Sunday, July 8, 2007

Another News of Death

Less than a week since I heard that my CSP colleague Gerry Trinidad passed away (See my recent blog post "Farewell, Gerry!"), today I learned that another colleague died -- this time not due to sickness but because of a car accident.

The person I am writing about is Fr. Komkrit Anamnat, a Thai Catholic priest and missionary. I was informed that Fr. Komkrit died from a freak car accident in Thailand recently.

Fr. Komkrit supervised a mission in Northern Thailand where his group provided free education to tribal children and poor people.

I remember him as a very good natured person with a unique sense of humor. He was very dedicated to his work. He was also a very respected and well-loved missionary.

Farewell, Fr. Komkrit. Please pray for me.


Below is an article I found on the Web about Fr. Komkrit:

( Source: )

"TH6814.1307 September 20, 2004 61 EM-lines (746 words) THAILAND Poor Rural Students Want To Go Beyond 9th Grade Not Just For University

WIANG PA PAO, Thailand (UCAN) -- Poor students at a Catholic school in northern Thailand would gain a few options if it could extend its high school classes, but 'prolonged' schooling is an end in itself.

Ninth-grade student Sathit Phusenglan says students who cannot continue studies will end up as hired helpers or maybe engage in "wrong business" such as girls becoming prostitutes or boys selling drugs.

Nuchanat Anusorn School in Wiang Pa Pao, 635 kilometers north of Bangkok, has 1,403 students, boys and girls, about 100 of them Catholics. More than one-third of them pay no tuition to attend the Chiang Mai diocese-run school in the hills of Chiang Rai, Thailand's northernmost province.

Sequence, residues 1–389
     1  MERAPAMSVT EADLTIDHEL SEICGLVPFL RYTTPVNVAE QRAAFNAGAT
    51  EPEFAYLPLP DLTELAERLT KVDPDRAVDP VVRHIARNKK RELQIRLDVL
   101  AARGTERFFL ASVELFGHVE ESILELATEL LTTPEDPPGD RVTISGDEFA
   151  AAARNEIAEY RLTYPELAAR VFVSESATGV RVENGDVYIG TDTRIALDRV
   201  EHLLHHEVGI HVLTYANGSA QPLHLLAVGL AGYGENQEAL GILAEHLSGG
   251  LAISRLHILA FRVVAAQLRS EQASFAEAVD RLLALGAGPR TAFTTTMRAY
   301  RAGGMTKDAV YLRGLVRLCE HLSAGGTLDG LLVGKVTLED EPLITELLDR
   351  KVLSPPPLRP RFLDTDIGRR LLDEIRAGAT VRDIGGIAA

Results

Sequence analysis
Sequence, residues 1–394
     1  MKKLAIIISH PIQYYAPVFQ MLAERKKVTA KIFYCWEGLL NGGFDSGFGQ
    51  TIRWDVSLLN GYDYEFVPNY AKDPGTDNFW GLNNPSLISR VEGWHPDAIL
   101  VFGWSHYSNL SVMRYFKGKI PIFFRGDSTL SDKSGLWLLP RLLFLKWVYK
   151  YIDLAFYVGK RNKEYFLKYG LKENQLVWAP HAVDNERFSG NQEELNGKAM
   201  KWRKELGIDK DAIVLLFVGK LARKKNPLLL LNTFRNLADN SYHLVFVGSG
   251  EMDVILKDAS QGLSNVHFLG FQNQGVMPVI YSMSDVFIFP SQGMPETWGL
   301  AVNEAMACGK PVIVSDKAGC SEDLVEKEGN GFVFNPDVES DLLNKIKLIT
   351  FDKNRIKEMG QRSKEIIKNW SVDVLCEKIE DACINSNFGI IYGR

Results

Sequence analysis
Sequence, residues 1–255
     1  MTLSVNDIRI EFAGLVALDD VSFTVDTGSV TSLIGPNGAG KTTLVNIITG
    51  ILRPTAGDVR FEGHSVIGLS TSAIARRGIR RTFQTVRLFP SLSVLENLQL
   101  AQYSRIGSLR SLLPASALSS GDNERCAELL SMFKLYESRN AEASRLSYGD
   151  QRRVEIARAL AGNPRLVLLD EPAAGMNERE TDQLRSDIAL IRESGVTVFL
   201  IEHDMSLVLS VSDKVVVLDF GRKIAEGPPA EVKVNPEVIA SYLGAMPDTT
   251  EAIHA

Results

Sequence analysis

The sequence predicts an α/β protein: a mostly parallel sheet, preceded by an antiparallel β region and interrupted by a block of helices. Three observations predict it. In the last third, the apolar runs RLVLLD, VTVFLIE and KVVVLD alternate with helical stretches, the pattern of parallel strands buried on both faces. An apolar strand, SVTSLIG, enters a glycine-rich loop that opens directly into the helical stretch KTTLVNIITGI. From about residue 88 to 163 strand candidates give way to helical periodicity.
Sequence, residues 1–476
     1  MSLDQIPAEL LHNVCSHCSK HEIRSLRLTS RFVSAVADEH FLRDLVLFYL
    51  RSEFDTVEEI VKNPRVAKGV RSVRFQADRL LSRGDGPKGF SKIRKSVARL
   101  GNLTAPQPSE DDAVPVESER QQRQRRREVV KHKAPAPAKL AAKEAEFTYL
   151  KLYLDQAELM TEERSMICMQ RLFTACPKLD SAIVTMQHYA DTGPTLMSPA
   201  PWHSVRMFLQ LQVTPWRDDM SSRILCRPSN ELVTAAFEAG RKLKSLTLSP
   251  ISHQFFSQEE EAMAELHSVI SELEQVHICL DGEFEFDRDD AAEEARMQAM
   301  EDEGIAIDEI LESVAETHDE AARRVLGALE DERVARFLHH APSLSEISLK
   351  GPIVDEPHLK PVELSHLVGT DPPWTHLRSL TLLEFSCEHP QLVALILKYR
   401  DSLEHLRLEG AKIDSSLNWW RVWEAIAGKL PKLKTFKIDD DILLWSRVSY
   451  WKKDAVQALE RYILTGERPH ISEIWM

"We are proud of our accomplishment providing free education to many hilltribe and other poor children up to 9th grade," Idente Missionary Father Komkrit Anamnat, the parish priest and school manager, told UCA News Sept. 15.

Nonetheless, Father Komkrit said the Church wants to do more for these children and is now raising funds to extend existing school buildings toward offering full secondary education by 2006.

"We should try to help children further their education opportunity, if we can, because we want to 'prolong' their schooling from age 14-16 to 18-20," he said, noting that few rural students who finish 9th grade at age 14-16 go on to high school. Many end up farming with their family or working as laborers.

If employed, they make less than 3,000 baht (US$75), "but if they finish high school, they may make 4,000 baht," he said. The school also intends to offer vocational training for students who do not want to go on to 12th grade.

The Thai priest pointed out that in rural areas, especially among hilltribe communities, it is common for young people to marry at 15 or right after 9th grade. "It is not that we are against the tribal custom of marrying young," he said, "but if we can give young people a chance to continue secondary education or vocational training, we can help them with better opportunity, more moral teaching and higher learning."

His Association Id of Christ the Redeemer, known as Idente Missionaries was founded in 1959 in Spain. Members came to Thailand in 1980."

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